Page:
As I am replicating the link to the daily mail article below I will touch upon the negative comments which (anonymous) people felt it necessary to post on the DM site. I only read a few of the comments and was advised against continuing. Perhaps the title of the article (the only part over which I had no control) was intended to invite a degree of controversy; that does not matter, either.  I am aware that some kind folk stood my corner and I am grateful for that. But I have to say that the negative comments are entirely unimportant in the face of the wonderful responses I have received, and continue to receive, which affirm that I did absolutely the right thing in sharing our story. I have a voice [in grief] which feels as though it has important things to say and it will certainly not be silenced by any ignorant opposition!

James’s light shines on brightly and I will continue to share that with anyone who is happy to stand in its beam.

www.tcf.org.uk

www.facebook.com/drowningsupportnetwork

http://www.dailymail.co.uk/femail/article-2889539/Why-children-CRUEL-question-s-classic-New-Year-party-chit-chat-heart-jolting-emotion-bereaved-mother-explains.html

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New year thinking

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It’s here….. Like it or not, the clock slipped us round into 2015 and a new year lies before us, bright and shiny with promise like a newly minted coin (perhaps)… though are we ever really ready for whatever triumphs and disasters the world has in store?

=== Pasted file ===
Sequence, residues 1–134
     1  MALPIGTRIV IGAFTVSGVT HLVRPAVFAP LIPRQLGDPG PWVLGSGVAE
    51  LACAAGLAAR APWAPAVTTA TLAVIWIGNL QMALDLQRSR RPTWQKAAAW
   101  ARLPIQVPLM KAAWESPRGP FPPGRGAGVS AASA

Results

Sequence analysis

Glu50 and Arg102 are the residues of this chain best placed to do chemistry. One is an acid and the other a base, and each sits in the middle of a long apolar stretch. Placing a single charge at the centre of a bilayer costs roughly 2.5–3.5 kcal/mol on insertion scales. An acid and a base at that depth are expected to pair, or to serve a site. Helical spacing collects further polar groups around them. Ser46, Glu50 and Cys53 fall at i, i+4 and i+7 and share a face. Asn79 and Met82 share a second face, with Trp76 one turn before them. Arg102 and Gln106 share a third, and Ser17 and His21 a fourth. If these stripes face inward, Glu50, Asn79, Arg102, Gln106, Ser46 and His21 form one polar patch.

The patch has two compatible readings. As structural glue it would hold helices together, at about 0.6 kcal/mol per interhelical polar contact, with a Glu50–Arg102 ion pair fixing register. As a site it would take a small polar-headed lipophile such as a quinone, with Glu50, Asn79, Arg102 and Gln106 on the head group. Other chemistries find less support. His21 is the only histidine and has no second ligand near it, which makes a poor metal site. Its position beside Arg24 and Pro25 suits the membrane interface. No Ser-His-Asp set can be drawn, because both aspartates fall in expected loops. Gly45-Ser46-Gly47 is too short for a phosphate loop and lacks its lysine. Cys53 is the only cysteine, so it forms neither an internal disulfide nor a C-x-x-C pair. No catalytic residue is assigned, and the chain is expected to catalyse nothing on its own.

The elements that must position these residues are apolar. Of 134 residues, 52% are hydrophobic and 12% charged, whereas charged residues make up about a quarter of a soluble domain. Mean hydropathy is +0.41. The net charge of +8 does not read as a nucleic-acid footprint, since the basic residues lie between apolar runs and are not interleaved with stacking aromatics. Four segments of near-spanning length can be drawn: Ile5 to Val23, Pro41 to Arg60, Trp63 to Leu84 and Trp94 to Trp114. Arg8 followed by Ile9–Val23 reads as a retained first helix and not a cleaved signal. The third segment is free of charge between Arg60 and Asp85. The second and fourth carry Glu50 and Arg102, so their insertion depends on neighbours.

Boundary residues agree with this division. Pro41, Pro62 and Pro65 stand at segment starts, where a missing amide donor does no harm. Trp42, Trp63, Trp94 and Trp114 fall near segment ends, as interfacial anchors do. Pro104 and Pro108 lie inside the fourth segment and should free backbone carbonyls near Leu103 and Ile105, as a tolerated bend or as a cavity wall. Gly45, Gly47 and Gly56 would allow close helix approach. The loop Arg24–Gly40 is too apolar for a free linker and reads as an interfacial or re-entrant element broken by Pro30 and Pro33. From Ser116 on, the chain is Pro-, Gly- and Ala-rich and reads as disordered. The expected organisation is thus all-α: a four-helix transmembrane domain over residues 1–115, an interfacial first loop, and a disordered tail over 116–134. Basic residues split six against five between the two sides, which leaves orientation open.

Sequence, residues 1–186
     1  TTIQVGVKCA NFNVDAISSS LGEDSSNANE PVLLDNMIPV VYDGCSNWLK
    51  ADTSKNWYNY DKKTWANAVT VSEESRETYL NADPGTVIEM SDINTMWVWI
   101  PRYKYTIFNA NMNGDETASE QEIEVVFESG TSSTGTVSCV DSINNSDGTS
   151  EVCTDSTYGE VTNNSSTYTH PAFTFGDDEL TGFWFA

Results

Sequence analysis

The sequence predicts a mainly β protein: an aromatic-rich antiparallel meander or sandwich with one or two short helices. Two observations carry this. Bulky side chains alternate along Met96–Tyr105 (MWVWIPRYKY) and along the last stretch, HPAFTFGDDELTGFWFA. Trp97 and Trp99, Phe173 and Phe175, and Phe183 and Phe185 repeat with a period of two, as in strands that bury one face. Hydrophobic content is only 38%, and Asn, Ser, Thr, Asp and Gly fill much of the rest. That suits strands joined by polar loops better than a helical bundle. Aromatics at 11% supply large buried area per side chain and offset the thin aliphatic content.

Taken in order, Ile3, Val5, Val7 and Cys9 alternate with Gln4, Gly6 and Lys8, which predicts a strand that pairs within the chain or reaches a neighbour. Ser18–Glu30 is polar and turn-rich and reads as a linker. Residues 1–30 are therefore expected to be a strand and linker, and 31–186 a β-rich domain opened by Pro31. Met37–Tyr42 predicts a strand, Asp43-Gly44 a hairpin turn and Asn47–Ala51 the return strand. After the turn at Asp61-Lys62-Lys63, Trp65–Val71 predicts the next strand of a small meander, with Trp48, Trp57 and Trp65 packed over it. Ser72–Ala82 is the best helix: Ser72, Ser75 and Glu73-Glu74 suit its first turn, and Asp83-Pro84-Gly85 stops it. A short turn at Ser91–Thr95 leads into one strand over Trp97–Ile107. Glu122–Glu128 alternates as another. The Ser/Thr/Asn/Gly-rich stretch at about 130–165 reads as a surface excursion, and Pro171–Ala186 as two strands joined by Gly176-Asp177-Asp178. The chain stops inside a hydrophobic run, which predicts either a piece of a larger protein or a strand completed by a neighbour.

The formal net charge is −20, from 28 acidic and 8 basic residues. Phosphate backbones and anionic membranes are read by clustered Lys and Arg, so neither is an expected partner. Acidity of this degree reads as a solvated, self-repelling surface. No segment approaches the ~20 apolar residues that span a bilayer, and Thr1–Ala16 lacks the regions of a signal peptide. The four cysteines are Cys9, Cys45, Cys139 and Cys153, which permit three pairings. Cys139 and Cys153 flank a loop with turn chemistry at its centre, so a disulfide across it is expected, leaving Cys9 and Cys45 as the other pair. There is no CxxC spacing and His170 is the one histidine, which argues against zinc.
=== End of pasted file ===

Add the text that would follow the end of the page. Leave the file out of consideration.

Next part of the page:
The last time the year’s date had a number five in it was 2005, the year James died. I cannot forget the turn of that year into 2006. Part of me did not want to relinquish the last year in which my son lived. Instead of saying, ‘he died this year’, I would have to start saying, ‘he died last year’, which only served to emphasis the finality of our loss.

The expression ‘that’s so last year’ indicates that something has passed, that it has already begun to fade into obscurity, and no bereaved person ever wants to feel like that.

Only yesterday, my friend Karen wrote of her feelings at new year; she too lost a beloved son in 2005 and told me how in the early years, when writing the date she had to constantly think of the right year, as she always wanted to default to 2005. I totally get that.

And now, time takes us towards the July anniversary that will mark a decade of living with the loss of James.

I am so grateful not to be subsumed by grief.

Grief for James no longer defines my waking moments, it does not overshadow my life to the extent that I cannot live meaningfully and happily with the remainder of my family and friends. My grief is calm and quiet these days (though not always!)

One of the greatest lessons I have learned is to treat myself with grace, to go gently and allow my emotions not to get the better of me, but to help to make me live better.

I have learned to buff off the sharp edges of my expectations when I need to. A system of chore and reward has always worked for me. If I clean the kitchen, then I can write for an hour…. Figuratively speaking that is how I work with my emotions. Analogies for this are difficult to express, but perhaps along the lines of ….Open the box of the dark side of grief; sit with it, hold it, talk with it, mourn it, put it away again ….. and the reward is to come back into the light. Make myself a cuppa and eat a cake, hell, eat two cakes! I deserve them.

So here is my resolution for 2015…. rather than dwelling on the decade of life that I can (ungrammatically) call James’ un-lived time, instead I shall hold dear and treasure the memories of the 19 years that he lived.  Then I will square my shoulders, breathe deeply and step forward into the unknown that marks ten years of living this new normal life.

Welcome, 2015!